Roome CRA C NO617078 1 0m
Rome 1684 Adair/East Fife
Rome 1790s OSA, 173
Roome Harbour 1828 SGF
Roome Harbour 1855 OS 6 inch 1st edn
Roome Rocks 1855 OS 6 inch 1st edn
In the absence of forms earlier than 1684 any explanation of this name must remain very tentative. The name has survived in OS Pathf. Roome Harbour and Roome Rocks. The bay itself is known locally as Roome Bay, which has given rise to the near-by street-names Roomebay Avenue and Roomebay Crescent. Rev. Andrew Bell, in his OSA account of CRA, suggests it is the ‘old harbour’ referred to in some of the charters belonging to the town. He writes: ‘A little to the east of the town, there is a small bay or opening among the rocks, called Rome, for what reason is not known, which at moderate expense might be made an excellent harbour’ (OSA, 173).
There is an OIr word ruam, a borrowing from Latin Roma ‘Rome’, which meant ‘cemetery’. This element is discussed in some detail by W. J. Watson, who states that it occurs as an appellative (common noun) in a Scottish Gaelic poem of c.1600 with a lenited final m (ruaimh); and that it is found in both Rome by Scone PER and Rome, Menmuir ANG (Watson 1926, 257–8). Given the other evidence for early Christianity along this part of the Fife coast (such as Kilminning with its long-cist cemetery and Early Christian name just one km up the coast to the north-east, the Caiplie Caves a little over 2 km to the south-west, and Kilrenny with its Early Christian name and sculpture in the form of the Skeith Stone), it is just possible that Roome, too, belongs to this early stratum of Christian activity.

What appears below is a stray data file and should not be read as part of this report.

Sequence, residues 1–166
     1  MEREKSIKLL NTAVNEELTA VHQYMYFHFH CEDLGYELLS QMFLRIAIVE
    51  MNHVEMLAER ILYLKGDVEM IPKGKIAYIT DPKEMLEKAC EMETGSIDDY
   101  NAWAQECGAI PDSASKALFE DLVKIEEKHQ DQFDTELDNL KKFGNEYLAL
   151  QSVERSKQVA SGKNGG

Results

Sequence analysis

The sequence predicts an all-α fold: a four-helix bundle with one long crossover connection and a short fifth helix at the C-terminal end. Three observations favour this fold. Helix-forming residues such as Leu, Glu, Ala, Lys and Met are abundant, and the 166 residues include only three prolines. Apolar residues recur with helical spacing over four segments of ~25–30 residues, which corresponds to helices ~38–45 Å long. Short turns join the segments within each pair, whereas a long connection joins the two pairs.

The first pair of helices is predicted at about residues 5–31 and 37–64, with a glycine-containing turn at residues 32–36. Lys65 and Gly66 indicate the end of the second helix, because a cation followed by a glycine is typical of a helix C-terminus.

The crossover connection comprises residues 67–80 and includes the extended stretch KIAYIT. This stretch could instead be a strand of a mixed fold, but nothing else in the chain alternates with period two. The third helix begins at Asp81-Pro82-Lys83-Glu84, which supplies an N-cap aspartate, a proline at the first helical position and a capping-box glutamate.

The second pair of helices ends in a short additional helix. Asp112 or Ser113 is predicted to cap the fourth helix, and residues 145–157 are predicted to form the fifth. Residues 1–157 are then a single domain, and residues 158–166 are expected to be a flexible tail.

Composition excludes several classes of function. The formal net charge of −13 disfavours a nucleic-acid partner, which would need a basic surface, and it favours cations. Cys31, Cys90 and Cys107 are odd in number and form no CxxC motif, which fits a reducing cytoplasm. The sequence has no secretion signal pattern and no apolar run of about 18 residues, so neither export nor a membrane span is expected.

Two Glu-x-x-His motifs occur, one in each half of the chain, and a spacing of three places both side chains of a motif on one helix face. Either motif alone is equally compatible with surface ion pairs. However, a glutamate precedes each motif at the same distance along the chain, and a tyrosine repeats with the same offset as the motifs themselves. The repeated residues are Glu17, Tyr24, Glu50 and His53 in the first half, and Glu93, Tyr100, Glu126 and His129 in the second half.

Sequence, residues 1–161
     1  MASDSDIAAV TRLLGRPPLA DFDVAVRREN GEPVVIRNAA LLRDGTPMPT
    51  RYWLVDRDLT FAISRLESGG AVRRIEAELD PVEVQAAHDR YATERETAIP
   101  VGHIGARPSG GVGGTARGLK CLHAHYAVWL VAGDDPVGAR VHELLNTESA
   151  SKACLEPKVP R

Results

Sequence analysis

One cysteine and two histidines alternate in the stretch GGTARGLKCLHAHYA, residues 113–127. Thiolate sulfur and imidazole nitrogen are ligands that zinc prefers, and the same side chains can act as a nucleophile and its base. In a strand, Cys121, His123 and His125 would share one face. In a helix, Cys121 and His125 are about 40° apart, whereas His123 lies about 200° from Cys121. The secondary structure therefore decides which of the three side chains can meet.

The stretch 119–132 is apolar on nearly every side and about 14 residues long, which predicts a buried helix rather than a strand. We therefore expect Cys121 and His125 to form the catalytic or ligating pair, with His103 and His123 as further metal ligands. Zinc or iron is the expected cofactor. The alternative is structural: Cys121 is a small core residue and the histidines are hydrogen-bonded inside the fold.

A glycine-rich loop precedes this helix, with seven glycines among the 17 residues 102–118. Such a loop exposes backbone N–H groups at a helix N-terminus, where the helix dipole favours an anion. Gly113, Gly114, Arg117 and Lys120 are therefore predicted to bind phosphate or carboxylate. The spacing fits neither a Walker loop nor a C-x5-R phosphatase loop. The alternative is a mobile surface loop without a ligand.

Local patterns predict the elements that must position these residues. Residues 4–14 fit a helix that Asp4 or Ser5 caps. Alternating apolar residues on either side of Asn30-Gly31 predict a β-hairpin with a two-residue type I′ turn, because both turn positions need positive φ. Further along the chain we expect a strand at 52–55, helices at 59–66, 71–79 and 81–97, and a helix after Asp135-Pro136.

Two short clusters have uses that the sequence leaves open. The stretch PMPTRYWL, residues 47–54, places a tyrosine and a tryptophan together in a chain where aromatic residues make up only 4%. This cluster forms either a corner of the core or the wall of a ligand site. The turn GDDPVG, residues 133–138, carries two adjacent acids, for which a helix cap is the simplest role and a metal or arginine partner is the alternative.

An alternative, and perhaps more plausible, explanation is that it contains OSc room(e), roum, rowm(e) etc. ‘spacious, extensive, broad’, as in the rowm se ‘the open sea’ (DOST), and referred originally to the bay.
This place-name appeared in printed volume 3